Cisco DNA Center takes intent-based networking to IoT
Cisco has introduced IoT-enabled hardware that companies can manage through Cisco DNA Center. The connection between products takes intent-based networking to IoT deployments.
Companies that use Cisco DNA Center can now tap the Intent-based networking software for managing IoT devices connected to the network edge.
This week, Cisco made DNA Center a more significant player in the company's IoT portfolio by adding support for a new line of ruggedized industrial switches, called the Catalyst IE 3x00 Series, and an industrial router, called the Integrated Services Router (ISR) IR1101. Both have features specially designed to support networks of IoT devices. Pricing for the Catalyst series and the IR1101 start at $1,035 and $1,700, respectively.
The new IoT gear runs Cisco's IOS XE network operating system, which is a core component of Cisco's emerging intent-based networking (IBN) portfolio. IBN is a developing area of technology that incorporates artificial intelligence and machine learning to automate administrative tasks across a network.
DNA Center uses IOS XE to provide IBN features such as automated provisioning and configuration of network gear. Engineers can also use the software console to create and distribute policies that govern traffic to and from devices to prevent unauthorized communication.
Cisco DNA Center with IoT
Companies use DNA Center today mostly to manage Catalyst 9000 switches on campus and branch networks. Adding IoT-enabled gear to software already familiar to network operators is "a big deal for customers," said Vernon Turner, an analyst at Causeway Connections, based in Framingham, Mass.
"They can use DNA [Center] and other things to scale via automation," Turner said. "In this way, IoT devices and apps just got simpler to deploy and manage."
A company, for example, could use DNA Center to create a security policy that places restrictions on traffic flowing to surveillance cameras or medical devices connected to the Catalyst IE 3x00. Along with policy distribution, DNA Center can track IoT devices by providing an inventory of all hardware attached to networks.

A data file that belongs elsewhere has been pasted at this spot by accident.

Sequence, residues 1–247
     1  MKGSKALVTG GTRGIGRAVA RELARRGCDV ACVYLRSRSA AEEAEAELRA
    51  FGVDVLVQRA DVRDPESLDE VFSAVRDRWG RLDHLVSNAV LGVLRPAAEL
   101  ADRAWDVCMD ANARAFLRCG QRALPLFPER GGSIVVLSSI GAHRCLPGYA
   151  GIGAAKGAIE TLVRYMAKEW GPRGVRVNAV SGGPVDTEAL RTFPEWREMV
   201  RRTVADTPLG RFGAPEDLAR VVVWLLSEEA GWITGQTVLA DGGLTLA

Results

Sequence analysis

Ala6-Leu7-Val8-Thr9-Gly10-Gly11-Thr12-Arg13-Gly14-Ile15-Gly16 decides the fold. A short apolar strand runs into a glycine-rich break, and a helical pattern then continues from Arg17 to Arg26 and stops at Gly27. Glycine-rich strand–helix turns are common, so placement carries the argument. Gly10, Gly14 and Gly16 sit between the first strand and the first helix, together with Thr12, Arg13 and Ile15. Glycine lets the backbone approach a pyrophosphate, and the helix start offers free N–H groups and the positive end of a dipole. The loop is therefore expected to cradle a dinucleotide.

"DNA [Center] becomes this centralized platform for having visibility into what's happening across your entire network and having control over those environments," said Brandon Butler, an analyst at IDC.
The ISR IR1101 takes DNA Center to use cases different than the new Catalyst line. For example, Innogy SE, an energy company based in Essen, Germany, uses the router in secondary substations to access devices that measure and control electricity to homes, according to Cisco. Innogy, however, uses network management software for service providers, called Cisco Prime, instead of DNA Center.
Cisco unveiled the new hardware at Cisco Live in Barcelona, Spain, where the vendor also introduced more resources for the 40,000 companies that use its IoT technologies. The releases included blueprints for IoT deployments, which Cisco called Validated Designs. The plans include a bill of materials, configurations, security best practices and system design.
Also, Cisco introduced an IoT Zone in its developer portal, DevNet. The IoT developer resources include sandboxes for testing and code application developers can run on Cisco switches and routers.
Cisco is second behind Huawei among the four largest IoT platform providers, according to IHS Markit. Microsoft is third, followed by PTC. Other significant players in the market include Alibaba, AWS, General Electric, IBM and SAP.
IDC predicts worldwide spending on IoT will reach $745 billion this year, an increase of more than 15% over 2018. The analyst firm forecasts double-digit growth through 2022, when spending will surpass $1 trillion.
In other Cisco news, the company announced this week it would acquire Singularity Networks, a network analytics company founded in 2014 and based in Lone Tree, Colo. The company has less than 10 employees, according to Crunchbase.
Singularity software collects traffic data, logs and infrastructure performance metrics to provide network intelligence to enterprises and services providers. Cisco appeared to be more interested in the latter, as it planned to integrate the technology into its Crosswork Network Automation software portfolio for service providers.
Cisco expected to complete the acquisition by the end of April. The company did not disclose financial details.